Many of us who have watched the Olympics held in Tokyo this summer heard of Alice Dearing, the first black female swimmer representing the UK at the Olympics. Why did we hear about her? She was the woman who was rejected by the International Swimming Federation (FINA) because she was not allowed to use her Afro swimming cap at the Olympics. FINA spoke about this ban on those caps with the argument that they would not be shaped like the natural head and there would be no need to use the caps shaped for afro hair.
Those specific swimming caps were designed for natural hair created by the British brand Soul Cap, which Alice Dearing is a partner of. Soul Cap does not only want to sell swim caps but also wants to carve out a space for Black people in the swimming community.
The Soul Cap was designed to provide better protection for curly thick hair from chlorine in the water. FINA’s ban of these caps specifically affects Black women with a lot of hair. This ban is seen by many as a symbol of just one more barrier for Black people to participate in professional sports.
Many of the fashion trends we have today can be traced back to Black culture. Fashion trends such as sneakers, hoop earrings, camouflage pants, and bucket hats, were popularised by Black hip hop artists and influencers, and these past few years, we are seeing these trends absolutely dominate contemporary culture.
After FINA’s ban, the founders of Soul Cap stated that they fear young swimmers could feel like they have to choose between their hair and swimming, thus excluding them from the sport.
Statistics of Swim England discovered that of regular swimmers only two percent are Black, making professional swimmers of colour very rare. Not only that, 95 percent of Black adults and 80 percent of Black children in the UK are not able to swim or not comfortable enough to learn it.
The Black Swimming Association states that this shows once again the lack of diversity in sports, but particularly in swimming.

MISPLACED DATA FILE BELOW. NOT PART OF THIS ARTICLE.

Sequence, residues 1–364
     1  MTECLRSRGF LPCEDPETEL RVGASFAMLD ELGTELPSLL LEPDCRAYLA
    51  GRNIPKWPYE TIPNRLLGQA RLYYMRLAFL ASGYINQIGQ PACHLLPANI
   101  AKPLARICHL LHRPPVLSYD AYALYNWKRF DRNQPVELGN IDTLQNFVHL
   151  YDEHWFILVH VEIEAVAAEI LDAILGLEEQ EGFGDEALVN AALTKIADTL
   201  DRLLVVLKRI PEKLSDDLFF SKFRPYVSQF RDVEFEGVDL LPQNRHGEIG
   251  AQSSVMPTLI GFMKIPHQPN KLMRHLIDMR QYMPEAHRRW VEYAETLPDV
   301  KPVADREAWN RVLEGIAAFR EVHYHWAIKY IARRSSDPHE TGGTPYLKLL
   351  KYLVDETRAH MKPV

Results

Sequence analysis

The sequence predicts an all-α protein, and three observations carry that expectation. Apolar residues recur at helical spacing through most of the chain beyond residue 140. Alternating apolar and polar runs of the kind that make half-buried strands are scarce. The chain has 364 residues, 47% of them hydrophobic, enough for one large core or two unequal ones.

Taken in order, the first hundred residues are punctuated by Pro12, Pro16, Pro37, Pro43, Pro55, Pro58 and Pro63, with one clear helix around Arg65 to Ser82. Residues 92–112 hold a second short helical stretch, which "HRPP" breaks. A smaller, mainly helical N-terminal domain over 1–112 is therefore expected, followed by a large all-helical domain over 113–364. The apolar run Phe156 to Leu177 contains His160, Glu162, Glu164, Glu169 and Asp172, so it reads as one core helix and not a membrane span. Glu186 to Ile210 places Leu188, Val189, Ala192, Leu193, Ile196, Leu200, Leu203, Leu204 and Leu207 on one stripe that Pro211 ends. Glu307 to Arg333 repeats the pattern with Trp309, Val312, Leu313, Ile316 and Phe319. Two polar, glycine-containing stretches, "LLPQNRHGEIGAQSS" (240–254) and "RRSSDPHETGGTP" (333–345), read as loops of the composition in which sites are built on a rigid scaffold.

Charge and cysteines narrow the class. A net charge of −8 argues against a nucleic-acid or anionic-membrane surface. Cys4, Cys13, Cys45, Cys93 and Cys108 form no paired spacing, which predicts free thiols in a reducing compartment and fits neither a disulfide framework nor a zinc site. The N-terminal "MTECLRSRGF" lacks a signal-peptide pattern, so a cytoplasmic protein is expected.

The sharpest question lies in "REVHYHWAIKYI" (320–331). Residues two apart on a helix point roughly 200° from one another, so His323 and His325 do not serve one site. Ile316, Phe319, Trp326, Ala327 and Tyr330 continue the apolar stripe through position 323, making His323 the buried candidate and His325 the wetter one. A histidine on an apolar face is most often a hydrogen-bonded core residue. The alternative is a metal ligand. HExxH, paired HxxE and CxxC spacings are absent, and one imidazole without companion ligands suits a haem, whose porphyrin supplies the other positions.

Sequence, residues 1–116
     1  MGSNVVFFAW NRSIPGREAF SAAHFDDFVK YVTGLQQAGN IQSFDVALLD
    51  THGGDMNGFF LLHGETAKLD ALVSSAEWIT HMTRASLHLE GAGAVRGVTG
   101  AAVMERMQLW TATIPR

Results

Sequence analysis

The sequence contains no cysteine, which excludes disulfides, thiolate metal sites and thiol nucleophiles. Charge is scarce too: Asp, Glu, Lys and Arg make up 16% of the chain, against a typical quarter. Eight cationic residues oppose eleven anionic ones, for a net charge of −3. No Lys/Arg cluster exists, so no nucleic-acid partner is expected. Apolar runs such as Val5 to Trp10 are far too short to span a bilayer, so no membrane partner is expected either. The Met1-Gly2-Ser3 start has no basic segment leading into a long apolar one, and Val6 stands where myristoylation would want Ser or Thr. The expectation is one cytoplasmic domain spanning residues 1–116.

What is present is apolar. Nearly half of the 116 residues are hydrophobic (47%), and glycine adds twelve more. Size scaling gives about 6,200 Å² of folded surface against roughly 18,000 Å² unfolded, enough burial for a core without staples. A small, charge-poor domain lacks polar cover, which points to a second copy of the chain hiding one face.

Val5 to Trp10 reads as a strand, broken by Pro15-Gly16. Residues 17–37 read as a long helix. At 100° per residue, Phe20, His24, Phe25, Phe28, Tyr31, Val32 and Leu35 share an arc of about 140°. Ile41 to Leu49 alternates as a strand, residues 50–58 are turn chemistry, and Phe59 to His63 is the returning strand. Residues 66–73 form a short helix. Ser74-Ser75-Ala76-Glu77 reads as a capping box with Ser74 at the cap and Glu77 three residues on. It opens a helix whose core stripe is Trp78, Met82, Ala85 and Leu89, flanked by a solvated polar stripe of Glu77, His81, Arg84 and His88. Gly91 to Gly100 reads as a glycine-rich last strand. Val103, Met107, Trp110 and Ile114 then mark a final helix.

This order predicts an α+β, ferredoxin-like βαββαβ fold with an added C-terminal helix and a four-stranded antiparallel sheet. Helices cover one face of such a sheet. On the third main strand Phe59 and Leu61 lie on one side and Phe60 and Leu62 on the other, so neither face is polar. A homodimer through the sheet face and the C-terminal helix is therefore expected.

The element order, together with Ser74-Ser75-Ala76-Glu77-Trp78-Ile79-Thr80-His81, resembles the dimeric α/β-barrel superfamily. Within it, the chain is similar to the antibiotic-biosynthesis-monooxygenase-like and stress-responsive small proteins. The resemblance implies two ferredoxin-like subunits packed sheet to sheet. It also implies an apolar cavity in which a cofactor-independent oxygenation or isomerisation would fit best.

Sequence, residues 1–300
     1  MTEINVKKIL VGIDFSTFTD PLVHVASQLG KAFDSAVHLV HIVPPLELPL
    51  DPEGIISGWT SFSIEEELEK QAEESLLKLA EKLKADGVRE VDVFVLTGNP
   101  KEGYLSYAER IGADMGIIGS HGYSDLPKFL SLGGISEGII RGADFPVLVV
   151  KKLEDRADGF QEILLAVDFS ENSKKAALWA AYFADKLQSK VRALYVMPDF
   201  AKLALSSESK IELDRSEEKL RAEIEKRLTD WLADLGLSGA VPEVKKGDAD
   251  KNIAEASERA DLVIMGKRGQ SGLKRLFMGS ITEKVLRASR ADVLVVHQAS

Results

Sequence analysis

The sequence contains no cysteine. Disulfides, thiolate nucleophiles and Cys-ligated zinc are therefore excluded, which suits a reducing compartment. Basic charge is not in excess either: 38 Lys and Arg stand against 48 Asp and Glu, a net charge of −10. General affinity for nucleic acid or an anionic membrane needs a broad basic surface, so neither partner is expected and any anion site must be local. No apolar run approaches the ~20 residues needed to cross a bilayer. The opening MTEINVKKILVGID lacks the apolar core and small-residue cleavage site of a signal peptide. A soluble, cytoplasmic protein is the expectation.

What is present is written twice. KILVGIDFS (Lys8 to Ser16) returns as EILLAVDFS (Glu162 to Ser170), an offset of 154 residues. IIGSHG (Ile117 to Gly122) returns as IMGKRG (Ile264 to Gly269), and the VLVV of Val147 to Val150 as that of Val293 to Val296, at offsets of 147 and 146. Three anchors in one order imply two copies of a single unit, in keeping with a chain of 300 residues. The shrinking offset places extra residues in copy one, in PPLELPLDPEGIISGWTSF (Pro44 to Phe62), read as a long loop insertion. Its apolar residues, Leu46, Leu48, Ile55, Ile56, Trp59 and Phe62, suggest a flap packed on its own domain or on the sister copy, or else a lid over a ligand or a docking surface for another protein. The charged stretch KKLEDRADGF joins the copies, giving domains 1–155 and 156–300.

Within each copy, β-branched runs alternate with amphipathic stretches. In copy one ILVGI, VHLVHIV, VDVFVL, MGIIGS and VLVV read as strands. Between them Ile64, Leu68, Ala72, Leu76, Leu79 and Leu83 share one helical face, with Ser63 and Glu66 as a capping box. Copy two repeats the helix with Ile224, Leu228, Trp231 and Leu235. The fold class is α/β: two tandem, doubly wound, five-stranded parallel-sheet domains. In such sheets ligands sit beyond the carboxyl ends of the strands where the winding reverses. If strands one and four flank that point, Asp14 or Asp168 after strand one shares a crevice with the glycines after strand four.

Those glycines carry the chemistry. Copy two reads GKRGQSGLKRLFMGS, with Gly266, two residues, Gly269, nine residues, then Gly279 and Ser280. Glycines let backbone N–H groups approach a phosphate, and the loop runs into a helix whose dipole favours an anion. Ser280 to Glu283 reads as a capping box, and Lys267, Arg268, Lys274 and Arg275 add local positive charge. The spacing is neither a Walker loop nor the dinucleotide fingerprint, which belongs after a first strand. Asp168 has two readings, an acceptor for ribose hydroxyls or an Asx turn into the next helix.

While it it true that afro hair is more vulnerable to chloride water and hair is a crucial part of Black culture, hair is not the main reason that swimming, historically speaking, has been a predominantly white sport. We can’t forget that for example, pools in the USA were segregated until a mere 70 years ago. The swimming community doesn’t have a history of including the Black community, and things like the ban on the caps can make Black people may well be past discriminatory policies in disguise.
This also shows how issues like that are ignored when we want to and the Black community is supported when we want to. Or maybe we just decide that it is okay to copy black culture such as wearing Black hair styles as dreadlocks, braids, cornrows. But then we do not like to support swim caps like Soul Caps. This shows that there are still a lot of equality and cultural appropriation issues in our society as we can choose what we support or what we can wear and, in this case, Black people cannot.
As a response to all the backlash over its ban, FINA seems to understand the importance of the issue as they consider reviewing the ban of the Soul Caps. Let’s hope that this will be a first step of many to reduce the barriers for Black people to participate in swimming. And even more importantly, reviewing this ban could also be a statement towards showing a continuous support for the Black community, rather that nitpicking whatever is convenient for white people.
Much has been said about hidden identity art. For the most part, anonymous art is often hailed as purer. Is it true though? Is anonymous art better? Is it true art? […]